Paris, 1944, and suspected serial killer Marcel Petiot is on the loose. Can the police track him down? Will the Nazis find him? Is he a member of the Resistance? Find out in The Butcher of Paris #3 from Dark Horse Comics!

The Butcher of Paris #3 ReviewTHE BUTCHER OF PARIS #3

Writer: Stephanie Phillips
Artist: Dean Kotz
Colorist: Jason Wordie
Letterer: Troy Peteri
Editor: Randy Stradley
Publisher: Dark Horse Comics
Cover Price: $3.99
Release Date: February 5, 2020

Previously in The Butcher of Paris: During the Nazi occupation of WWII, the police search the house of Doctor Petiot and discover, to their horror, a large number of dismembered bodies. On the other hand, Petiot is suspected by the Nazis to be part of the Resistance, helping people escape from Paris. The civilian authorities are not happy about the Nazis, and they aren’t exactly working together.


The Butcher of Paris #3 is the next installment of a fascinating, if horrific, treatment of the story of an actual serial killer. It opens in the trenches of WWI. This probably does not explain the killer, but it shows some of the evidence for his being…unusual. He sits calmly in the trench, reading, amidst the dead bodies and visiting rats. Not only that, but the book he is reading belongs to someone else. But this is war, and the law of the jungle applies, Marcel explains, just prior to setting off a grenade. The injury gets him out of the trenches and into a psychiatric ward.

In 1944 the police continue to investigate Dr. Petiot and discover his history of cruelty to animals, bringing a gun to school when he was a kid, rumors about his selling narcotics to his patients. He also has some staunch friends who deny that any of these rumors could be true. The press have a field day when his wife Georgette is brought to the station. As the Nazi officer there interrogates her, the civilian detective and his son have an interesting conversation about the many ways wives of criminals react to being questioned. What kind of woman is Georgette? Will she defend Marcel? Will she refuse to answer? And then the detective finds out the Director Jodkum is already interrogating the woman.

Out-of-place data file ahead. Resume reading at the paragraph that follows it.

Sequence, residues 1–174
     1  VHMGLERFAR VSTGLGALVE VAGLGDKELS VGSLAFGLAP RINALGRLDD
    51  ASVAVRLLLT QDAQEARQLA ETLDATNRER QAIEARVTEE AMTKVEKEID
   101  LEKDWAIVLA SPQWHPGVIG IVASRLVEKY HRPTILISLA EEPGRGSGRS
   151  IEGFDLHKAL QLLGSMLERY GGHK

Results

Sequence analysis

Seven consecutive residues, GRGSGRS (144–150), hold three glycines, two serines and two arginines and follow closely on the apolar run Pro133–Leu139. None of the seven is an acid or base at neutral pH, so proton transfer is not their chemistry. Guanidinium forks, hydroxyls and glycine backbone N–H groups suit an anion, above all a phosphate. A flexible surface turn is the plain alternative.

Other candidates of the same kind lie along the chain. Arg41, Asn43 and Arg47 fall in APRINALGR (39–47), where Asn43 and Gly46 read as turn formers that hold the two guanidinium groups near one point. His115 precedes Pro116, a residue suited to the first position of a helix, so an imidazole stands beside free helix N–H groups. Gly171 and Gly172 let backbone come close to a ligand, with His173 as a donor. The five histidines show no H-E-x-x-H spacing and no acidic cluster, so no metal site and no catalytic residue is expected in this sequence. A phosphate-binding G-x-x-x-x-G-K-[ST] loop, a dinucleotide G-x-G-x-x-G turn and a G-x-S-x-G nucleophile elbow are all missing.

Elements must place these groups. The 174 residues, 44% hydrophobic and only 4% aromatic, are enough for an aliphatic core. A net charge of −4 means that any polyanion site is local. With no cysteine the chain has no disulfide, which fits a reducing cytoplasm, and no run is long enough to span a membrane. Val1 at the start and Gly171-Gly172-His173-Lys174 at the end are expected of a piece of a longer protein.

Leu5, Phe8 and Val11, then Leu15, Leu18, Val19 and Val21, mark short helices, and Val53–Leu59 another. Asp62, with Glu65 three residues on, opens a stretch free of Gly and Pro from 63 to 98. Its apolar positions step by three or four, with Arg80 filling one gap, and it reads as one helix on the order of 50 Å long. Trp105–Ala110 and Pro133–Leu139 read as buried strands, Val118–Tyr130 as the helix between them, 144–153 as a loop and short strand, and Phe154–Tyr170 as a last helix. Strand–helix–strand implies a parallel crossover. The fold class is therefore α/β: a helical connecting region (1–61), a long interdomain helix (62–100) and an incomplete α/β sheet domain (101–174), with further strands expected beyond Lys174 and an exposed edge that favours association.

Georgette is shaken up, worried about her son, but says they have made a terrible mistake about her husband. She knows he owns the house where the bodies were found, but she has only been there once. And this is where more of his supposed past comes out – billing errors, narcotics, committing fraud when he was mayor of a town. But she claims he was loved by his patients and was kind, and none of this was true. That’s the thing about reasonably successful serial killers – they can hide in plain sight by seeming like the last person anyone would suspect.

Then it’s off to a fancy dinner party among the Nazi elite. The Allies are drawing closer, and the orders are to destroy Paris. Paris has been around for hundreds of years. It is known as the City of Light. It is an enduring symbol of the French Revolution. It would be intolerable to let it stand, but the current General has difficulty bringing himself to give the orders.

Detective Victor-Massu discuss Georgette as they get ready to head home for dinner. Just before they reach the door, someone drops off a note signed by the elusive killer they’ve been tracking!


The art style of The Butcher of Paris #3 fits the subject matter well. The inking is strong and energetic. Some of the details are presented as an impression of the background, enough that we get a sense of place, but not so much that it would distract from the story. This is a story all about the characters – and the hunt for Marcel Petiot, charming, wily, and arrogant. The horrors of war are presented without being too specifically graphic, but the focus is not meant to be the death; it’s all about Petiot, and we see him go from incongruously calm and at ease, to wide-eyed and mad-looking when he pulls the grenade pin.

In the police station there’s a lot of emotion which is enhanced with some fairly broad ink strokes. Deep shadows on people, I think, give everything a bit of a noir look which, considering the subject matter, is a good fit.


The Butcher of Paris #3 is an interesting case study for the true crime afficianado. The horror aspect is not that of a thriller, but solidly based on police procedural, albeit complicated by the politics of war.

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The Butcher of Paris #3


Marcel Petiot is the chief subject, but his wife remains adamant that he is innocent, and a kind man to boot.

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By day, she’s a mild-mannered bureaucrat and Ms. Know-It-All. By night, she’s a dance teacher and RPG player (although admittedly not on the same nights). On the weekends, she may be found judging Magic, playing Guild Wars 2 (badly), or following other creative pursuits. Holy Lack of Copious Free Time, Batman! While she’s always wished she had teleportation as her superpower, she suspects that super-speed would be much more practical because then she’d have time to finish up those steampunk costumes she’s also working on.

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